I guess I have a strange sort of respect for the kind of right-of-center view I'm seeing expressed here and there that one is torn about it. This view is rooted in caution, caution that I suppose its adherents see as being born of experience. They no doubt feel that they have seen too many instances when the perfect becomes the enemy of the pretty darned good.
It comes from those who are inclined to hate it, which is the view of a larger contingent of conservatives who say so without equivocation, but who see no alternative to weaving the thread that this bill's passage requires.
But about the time I start considering the validity of their position, I find myself looking at facts that refute it.
There's the argument that only the parts having to do with the government funding this or that provision can be altered or abolished through reconciliation. To that, the rejoinder is that, since the whole thing is, like the current "A"CA, propped up by government guarantees for its solvency, all of it has to do with government funding.
There's the argument that further conservative-type reforms, such as letting health insurance be sold across state lines and addressing the suffocating effect licensing policy has on health-care costs, would be addressed in a "phase two" or "phase three." To that, the rejoinder is that incremental stabs at undertaking something unprecedented like getting rid of an entitlement program are destined to never happen.
There's the argument that millions of people would lose their coverage. To that, the rejoinder is, Is it humane to consign these people to the substandard level of care that gets delivered when one is covered by Medicaid?
There have been previous plans, even bills, that were much more in line with a clean and total repeal. One such bill got sufficient votes to be sent to then-president Obama's desk in January 2016.
Why the hell wouldn't Congress just send the very same bill to the current president?
So this business of being "torn" strikes me as an unacceptable level of timidity.
And as for those among the actual lawmakers, the most visible face of which being, of course, Paul Ryan, who characterize this as the only chance and means to give America an alternative to the "A"CA, they suffer from a failure of will that ought to earn our contempt.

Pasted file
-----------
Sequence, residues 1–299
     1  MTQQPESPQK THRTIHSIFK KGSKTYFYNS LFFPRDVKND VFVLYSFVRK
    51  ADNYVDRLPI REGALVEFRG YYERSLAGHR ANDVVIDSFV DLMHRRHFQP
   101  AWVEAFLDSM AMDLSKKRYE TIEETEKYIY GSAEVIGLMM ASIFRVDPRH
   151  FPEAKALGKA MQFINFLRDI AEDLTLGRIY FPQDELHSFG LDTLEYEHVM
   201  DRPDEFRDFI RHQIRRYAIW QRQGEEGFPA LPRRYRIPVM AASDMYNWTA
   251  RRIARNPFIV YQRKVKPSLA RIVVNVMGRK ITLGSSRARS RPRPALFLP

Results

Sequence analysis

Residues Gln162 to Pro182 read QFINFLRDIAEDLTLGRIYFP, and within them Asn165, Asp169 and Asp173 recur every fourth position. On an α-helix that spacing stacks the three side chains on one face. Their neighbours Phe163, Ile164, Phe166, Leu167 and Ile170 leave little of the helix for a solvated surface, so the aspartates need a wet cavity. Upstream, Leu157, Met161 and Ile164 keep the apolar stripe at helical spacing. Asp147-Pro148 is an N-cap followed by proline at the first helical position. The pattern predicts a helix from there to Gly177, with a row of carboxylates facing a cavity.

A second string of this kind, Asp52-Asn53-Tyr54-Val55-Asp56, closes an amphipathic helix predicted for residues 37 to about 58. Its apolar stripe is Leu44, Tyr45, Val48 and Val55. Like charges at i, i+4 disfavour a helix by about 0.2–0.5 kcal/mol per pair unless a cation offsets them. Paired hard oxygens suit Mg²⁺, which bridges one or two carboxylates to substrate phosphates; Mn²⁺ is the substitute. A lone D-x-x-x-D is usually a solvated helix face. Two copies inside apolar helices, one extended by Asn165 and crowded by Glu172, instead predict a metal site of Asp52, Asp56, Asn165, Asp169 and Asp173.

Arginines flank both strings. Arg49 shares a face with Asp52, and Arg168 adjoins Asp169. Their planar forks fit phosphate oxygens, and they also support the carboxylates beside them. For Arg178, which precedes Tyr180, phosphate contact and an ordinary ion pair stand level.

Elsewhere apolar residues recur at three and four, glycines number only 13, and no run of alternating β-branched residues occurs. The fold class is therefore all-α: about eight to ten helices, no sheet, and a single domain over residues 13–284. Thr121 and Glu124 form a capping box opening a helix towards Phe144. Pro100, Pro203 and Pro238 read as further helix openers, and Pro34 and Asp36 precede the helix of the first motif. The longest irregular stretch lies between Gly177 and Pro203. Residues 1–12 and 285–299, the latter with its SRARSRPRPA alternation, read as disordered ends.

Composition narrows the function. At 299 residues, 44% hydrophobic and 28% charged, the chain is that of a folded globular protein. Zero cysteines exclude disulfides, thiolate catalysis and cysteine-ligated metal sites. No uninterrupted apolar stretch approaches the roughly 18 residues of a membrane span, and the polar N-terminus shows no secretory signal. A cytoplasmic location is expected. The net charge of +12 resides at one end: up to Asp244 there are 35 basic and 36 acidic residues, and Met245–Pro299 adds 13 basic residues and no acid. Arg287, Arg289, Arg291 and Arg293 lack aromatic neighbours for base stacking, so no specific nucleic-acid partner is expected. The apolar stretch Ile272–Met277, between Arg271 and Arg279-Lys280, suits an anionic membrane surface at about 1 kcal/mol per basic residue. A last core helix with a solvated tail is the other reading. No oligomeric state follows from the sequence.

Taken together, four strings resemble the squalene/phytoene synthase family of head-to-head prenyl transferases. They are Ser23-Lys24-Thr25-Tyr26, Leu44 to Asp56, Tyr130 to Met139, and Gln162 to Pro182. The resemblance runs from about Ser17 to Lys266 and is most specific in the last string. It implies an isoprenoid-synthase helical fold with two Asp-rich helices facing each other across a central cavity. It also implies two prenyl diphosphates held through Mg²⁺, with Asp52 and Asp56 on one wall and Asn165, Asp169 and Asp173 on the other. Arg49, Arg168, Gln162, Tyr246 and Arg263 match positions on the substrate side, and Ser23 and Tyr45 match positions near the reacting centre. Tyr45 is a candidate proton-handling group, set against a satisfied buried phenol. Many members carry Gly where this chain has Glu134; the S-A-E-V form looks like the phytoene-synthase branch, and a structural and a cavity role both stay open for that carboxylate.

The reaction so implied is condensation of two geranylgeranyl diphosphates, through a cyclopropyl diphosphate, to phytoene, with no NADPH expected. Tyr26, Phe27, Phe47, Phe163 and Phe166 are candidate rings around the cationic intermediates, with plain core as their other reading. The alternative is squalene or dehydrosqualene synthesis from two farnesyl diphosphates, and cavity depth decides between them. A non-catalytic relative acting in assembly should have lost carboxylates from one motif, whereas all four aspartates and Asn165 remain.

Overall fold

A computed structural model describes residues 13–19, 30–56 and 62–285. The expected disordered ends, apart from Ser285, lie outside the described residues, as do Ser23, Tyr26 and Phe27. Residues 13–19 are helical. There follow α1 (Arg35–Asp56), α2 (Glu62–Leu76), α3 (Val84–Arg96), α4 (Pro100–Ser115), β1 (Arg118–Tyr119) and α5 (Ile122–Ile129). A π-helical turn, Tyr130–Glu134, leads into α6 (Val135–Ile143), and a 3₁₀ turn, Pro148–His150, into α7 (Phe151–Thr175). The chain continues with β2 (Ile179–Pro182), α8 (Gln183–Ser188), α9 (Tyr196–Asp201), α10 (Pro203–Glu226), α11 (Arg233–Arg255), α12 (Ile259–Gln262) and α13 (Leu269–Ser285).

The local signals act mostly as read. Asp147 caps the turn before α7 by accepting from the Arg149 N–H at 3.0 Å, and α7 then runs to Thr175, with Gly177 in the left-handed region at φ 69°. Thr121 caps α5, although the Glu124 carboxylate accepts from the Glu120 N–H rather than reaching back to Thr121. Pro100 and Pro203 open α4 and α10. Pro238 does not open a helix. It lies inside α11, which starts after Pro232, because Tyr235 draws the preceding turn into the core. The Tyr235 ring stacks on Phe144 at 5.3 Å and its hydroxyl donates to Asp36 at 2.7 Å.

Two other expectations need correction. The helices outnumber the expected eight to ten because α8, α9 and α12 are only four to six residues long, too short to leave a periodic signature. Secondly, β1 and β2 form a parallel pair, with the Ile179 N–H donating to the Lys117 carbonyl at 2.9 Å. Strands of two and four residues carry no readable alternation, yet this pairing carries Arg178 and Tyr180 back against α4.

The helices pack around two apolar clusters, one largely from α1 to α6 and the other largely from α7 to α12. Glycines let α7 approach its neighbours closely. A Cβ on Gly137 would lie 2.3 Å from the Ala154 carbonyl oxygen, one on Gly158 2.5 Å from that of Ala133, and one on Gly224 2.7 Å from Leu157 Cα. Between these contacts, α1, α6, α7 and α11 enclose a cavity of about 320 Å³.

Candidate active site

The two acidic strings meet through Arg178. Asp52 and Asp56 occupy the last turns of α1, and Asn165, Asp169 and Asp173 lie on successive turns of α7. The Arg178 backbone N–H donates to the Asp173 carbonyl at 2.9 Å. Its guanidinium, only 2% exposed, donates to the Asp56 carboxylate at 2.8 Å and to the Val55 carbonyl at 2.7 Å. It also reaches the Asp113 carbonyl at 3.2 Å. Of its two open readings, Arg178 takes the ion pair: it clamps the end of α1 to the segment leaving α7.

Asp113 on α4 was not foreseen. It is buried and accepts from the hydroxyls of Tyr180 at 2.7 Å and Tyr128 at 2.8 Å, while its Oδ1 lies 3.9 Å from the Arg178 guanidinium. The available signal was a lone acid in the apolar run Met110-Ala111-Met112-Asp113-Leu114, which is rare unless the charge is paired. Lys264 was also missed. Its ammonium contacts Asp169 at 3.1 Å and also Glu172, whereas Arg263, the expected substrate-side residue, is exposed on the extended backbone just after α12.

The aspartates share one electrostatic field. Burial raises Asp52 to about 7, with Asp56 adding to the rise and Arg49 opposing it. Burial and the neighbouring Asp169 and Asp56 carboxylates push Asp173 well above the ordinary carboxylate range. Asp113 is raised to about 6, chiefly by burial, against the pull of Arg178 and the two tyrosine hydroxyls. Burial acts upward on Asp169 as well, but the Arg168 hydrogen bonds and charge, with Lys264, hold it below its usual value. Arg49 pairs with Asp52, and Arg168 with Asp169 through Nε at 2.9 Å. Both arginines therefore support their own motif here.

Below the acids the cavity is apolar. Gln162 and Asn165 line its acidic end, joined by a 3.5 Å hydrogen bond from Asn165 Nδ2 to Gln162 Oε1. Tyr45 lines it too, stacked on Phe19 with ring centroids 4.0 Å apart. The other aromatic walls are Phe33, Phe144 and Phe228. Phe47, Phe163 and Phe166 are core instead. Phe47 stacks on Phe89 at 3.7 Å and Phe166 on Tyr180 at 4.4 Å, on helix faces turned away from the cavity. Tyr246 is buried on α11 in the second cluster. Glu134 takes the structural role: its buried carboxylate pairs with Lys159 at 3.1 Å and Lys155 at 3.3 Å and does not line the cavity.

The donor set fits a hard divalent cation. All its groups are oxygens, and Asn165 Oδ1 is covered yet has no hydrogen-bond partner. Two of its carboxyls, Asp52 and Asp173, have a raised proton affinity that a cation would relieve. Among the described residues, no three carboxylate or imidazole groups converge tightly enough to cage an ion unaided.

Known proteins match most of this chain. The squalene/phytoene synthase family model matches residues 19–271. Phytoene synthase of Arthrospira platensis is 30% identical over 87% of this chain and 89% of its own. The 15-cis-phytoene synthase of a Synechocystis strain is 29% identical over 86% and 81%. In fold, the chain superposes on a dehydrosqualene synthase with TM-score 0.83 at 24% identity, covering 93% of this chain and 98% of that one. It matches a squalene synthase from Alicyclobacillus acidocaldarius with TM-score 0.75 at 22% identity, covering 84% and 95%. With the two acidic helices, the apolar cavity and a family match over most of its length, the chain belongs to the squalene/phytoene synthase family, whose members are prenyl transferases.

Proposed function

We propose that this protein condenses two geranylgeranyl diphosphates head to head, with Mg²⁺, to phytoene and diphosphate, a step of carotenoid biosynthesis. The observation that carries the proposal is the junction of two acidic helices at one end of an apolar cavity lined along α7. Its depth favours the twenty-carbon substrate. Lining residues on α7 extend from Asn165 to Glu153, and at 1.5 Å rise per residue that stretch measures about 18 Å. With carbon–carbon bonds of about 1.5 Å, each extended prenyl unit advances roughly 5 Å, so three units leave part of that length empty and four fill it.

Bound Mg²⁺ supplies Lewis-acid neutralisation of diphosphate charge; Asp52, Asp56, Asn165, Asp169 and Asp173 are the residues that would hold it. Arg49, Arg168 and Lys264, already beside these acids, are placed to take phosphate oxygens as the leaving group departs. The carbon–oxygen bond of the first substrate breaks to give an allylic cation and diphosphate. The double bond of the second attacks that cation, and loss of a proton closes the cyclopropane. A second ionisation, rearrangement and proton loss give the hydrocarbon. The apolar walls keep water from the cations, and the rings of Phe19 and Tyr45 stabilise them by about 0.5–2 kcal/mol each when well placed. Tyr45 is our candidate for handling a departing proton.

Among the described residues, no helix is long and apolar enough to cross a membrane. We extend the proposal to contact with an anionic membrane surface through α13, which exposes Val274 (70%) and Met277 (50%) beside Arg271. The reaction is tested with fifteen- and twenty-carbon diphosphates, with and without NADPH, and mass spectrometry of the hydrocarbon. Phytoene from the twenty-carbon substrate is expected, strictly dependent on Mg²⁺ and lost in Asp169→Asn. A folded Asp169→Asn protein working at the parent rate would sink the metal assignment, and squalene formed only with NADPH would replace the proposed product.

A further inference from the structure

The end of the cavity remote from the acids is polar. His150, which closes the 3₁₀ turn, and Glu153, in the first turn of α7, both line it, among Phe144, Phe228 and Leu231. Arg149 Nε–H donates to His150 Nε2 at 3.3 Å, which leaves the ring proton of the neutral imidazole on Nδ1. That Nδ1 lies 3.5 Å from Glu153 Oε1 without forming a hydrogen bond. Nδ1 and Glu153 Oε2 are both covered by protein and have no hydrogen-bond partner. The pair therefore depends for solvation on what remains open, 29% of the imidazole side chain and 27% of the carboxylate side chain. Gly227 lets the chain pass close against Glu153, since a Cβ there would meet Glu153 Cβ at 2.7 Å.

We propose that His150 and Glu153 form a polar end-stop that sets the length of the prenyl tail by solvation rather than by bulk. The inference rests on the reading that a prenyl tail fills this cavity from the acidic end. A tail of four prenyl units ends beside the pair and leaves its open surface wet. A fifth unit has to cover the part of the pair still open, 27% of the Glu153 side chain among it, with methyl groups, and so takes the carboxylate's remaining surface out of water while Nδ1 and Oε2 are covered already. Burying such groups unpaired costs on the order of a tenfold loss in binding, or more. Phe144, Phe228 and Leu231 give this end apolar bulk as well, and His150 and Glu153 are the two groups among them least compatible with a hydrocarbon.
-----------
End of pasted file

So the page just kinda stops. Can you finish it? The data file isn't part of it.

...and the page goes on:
Damn it, there has not been a moment at which standing for principles has been more imperative.
This is the moment for looking right into a television camera and saying that federal government has no business being involved in health care, or the insuring thereof.
There should be no talk of tinkering with this or that provision. There should be no rhetoric along the lines of "more patient-centered." All you have to do to make health care patient-centered is remove government.
This has implications beyond health care. This is the juncture at which we decide whether we accept the premise that progressives, going back to the original crew of a hundred-plus years ago (Thorstein Veblen, Richard T. Ely, Charles Beard, Herbert Croly, John Dewey, Woodrow Wilson), have demanded that we swallow - namely, that a cabal of "expert" "bureaucrats" must dictate the contours of economic and social life for the individual citizens of this nation.
If we say that we have never swallowed this tyrannical hooey, this is the moment for making good on it.
And that is going to require a principled Congress. It won't come from an executive branch guided by the ideologically rudderless modus operandi of Donald Trump. He just wants to sign something the makes him look like he scored a "win" for the American people.
No, we are going to have to demand that our elected lawmakers demonstrate spine as never before.
And the potential for heartbreak, not to mention the victory of tyranny, lies in the fact that the right outcome lies within our grasp.
Republicans do not have to settle for an inadequate measure. It is not a necessity.
So I'm not torn, and that's because the right thing to do is obvious.
Not a walk in the park, but obvious.